Back when I made a TVtropes account, yes, that’s mine, no, it’s not good, I made the bold statement in the bio that ‘I probably hate your favourite thing.’
That was then, this is now, where I need to make it clear every time I open my mouth about a media entity that I’m not upsetting someone for pointing out things I dislike about something they like. And boy, that got me thinking about how much some things suck and the people who love it will tell you that.
Content Warning: I’m going to talk shit about Glee, Victorious, Homestuck, the Fight Game Community, pop music, X-Men, Power Rangers, Riverdale, Gotham, Sherlock, Supernatural, Star Wars, Kingdom Hearts, comic books in general, the Arrowverse, Yuri manga, and Marvel movies.
But not really.
I have been thinking a lot about how a number of big, dense, well-regarded fandoms that were very popular like, five years ago, there’s this recurrent line ‘Nobody hates our fandom quite like people in this fandom.’ It came to my attention again after I watched a two hour video breaking down the long-form narrative structure of Glee from season 1 through to the end, a show I really don’t think well of but I watched the video anyway because I don’t have good impulse control over schadenfreude.
But Glee was successful.
Glee was phenomenally successful. Even the bad bits. Even the racist bits!
Glee was a series that starts with a teacher touching kids inappropriately and moves on to another teacher lying to his wife before framing a kid with drugs they don’t own. It is a series that has has a central protagonist who learns nothing and achieves everything or a central protagonist who insists on the importance of teenagers twerking. Point is, Glee sucks. And if you want to hear about how it sucks, ask a Glee fan.
The same is true for many, many other things. Many other franchises or lore spaces or brandings or whatever – I’m sure that even Touhou fans will be able to tell you how much of Touhou is ridiculous (because as a doujin series, there’s a lot of Touhou being made by people who don’t agree about what’s important in Touhou). I love Dungeons & Dragons, which has never been made by non-ninnies and Fox loves Sonic: The Hedgehog, which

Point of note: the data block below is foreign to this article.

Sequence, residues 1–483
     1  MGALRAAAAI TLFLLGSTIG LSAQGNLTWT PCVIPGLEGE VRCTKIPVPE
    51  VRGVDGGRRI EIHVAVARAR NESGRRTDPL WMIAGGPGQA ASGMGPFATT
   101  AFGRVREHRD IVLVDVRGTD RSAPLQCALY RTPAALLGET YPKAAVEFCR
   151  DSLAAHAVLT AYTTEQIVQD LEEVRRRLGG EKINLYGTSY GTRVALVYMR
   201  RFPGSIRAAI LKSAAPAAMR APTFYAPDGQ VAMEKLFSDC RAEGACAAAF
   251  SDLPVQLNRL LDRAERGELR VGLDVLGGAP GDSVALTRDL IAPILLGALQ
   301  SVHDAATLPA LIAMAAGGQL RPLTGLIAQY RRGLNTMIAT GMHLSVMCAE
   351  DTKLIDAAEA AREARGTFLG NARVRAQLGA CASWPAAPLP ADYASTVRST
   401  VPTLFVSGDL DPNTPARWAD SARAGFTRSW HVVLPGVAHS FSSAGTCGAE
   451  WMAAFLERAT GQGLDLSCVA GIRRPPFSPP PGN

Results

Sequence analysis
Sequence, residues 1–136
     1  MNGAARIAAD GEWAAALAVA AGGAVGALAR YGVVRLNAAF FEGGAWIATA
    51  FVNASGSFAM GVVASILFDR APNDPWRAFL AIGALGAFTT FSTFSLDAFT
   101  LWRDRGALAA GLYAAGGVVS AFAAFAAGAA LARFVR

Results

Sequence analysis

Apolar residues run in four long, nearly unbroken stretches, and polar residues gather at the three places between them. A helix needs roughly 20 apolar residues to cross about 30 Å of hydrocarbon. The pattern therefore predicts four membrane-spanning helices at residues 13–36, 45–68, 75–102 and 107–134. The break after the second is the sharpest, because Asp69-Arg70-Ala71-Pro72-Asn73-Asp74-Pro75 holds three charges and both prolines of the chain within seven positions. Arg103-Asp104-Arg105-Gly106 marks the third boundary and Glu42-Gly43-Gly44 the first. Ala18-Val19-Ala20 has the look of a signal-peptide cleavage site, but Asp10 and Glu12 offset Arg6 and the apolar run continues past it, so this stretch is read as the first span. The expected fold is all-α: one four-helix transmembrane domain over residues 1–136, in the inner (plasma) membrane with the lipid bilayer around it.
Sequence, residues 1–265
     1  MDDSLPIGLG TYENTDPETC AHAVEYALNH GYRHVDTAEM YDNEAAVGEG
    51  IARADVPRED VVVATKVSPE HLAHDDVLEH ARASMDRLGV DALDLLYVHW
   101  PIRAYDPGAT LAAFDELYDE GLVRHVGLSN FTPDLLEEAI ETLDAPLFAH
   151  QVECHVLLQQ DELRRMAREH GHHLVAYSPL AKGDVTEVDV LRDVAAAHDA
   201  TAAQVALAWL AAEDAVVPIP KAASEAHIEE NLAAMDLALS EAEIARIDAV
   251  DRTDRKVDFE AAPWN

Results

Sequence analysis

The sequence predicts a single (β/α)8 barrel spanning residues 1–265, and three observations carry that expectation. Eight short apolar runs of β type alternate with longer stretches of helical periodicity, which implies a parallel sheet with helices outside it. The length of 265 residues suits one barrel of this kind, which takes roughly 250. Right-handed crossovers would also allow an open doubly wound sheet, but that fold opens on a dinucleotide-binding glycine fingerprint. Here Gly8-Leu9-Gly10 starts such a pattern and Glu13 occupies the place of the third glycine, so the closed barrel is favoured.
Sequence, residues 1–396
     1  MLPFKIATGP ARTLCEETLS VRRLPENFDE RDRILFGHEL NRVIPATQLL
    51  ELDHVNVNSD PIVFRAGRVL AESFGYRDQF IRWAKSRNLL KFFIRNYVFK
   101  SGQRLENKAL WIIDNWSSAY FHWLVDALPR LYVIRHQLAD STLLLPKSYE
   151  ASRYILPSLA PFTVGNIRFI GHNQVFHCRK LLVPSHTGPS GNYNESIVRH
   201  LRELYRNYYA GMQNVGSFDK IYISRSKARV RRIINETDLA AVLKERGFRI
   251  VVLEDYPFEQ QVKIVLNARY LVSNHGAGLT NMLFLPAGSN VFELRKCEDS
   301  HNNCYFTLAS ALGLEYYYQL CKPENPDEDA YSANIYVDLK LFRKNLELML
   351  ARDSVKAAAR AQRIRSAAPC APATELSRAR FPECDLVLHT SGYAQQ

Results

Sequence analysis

She’s never going to see that colon, it’s such a wasted joke.
Anyway, I think about this, and I think about how there are all these franchises that are convinced ‘oh wow, our fandom, our media form, is the worst and I can write you a thesis about it.’ What I think about is how, hey, if you can see how it sucks, if you noticed that it’s bad, why, uh, why isn’t that, like, shouldn’t that have an impact?
If you know about the bad bits of the show uhhh, what uhm, what lets you hold onto it? Why are you such an expert in it?
I mean, I know I am in a glass house here, not only do I know a shitload about the Bible, a book I consider actively abhorrent, but also, all the things I consider favourite media in many ways suck ass. I play City of Heroes and have firm opinions on Ranma 1/2. Point is, I know there’s nothing pure in this world and I know there’s no reason to see any particular media space as more or less defensible, and I dislike the idea of treating media consumption as an ethical litmus test. It more stands out to me when I see these fortresses of complicated multiplatform media that need hour long explainer videos and I find myself wondering what makes these things form,
and if I can weaponise that energy.
ha ha just kidding
Why is it that work that doesn’t do a good job of telling its story so successful at keeping people engaged with its story? And there’s a rationale that says hey, no, any media that keeps people engaged is doing a good job of telling its story, but let’s set that aside for now. Let’s talk about why people will complain and criticise about the story that they are engaged with but not disengage.
I have a notion here. Note that I use the word notion. Not a theory, not a hypothesis, not even a really rational hunch. It’s a notion. I think it might have something to it but I don’t know and I don’t think I have the tools to know.
I think that part of what lets these things like Kingdom Hearts work this way, despite the obvious storytelling failures, is that there’s a feeling of confrontation. The work has problems, so you grapple with it, you struggle to learn if it’s as dumb as it looks, you convince yourself there’s got to be more to it, you work hard on being convinced that, and if you’re lucky, you realise that, no, really, it is that dumb. There is a fight, there is that resistance to being easily understood. You have to keep there, hanging tight, because you’re getting something about it emotionally, even as your intellectual engagement with it is seeing all these problems.
That is: These franchises get these kinds of harshly critical megafans as a sort of fandom hatefuck.
But with that there’s also this kind of deep truth for media analysis, or at least, the kind of media analysis and criticism that you’ll see produced as content. That is: Incoherence is fucking irrelevant. We can talk about the way that media is coherent or incoherent, or how well it supports its points, but it’s not like people subconsciously are unweaving a matrix of interrelated elements necessarily.
Ultimately the toolset we have is diagnostic, not prescriptive. It feels like a hack thing to say, but good, honest, sincere hatred of media is really hard to make engaging. I could talk to you for an hour about how bad Longmire is, but who’s going to give a shit? It needs more than just disdain.
It needs to be interestingly hateable.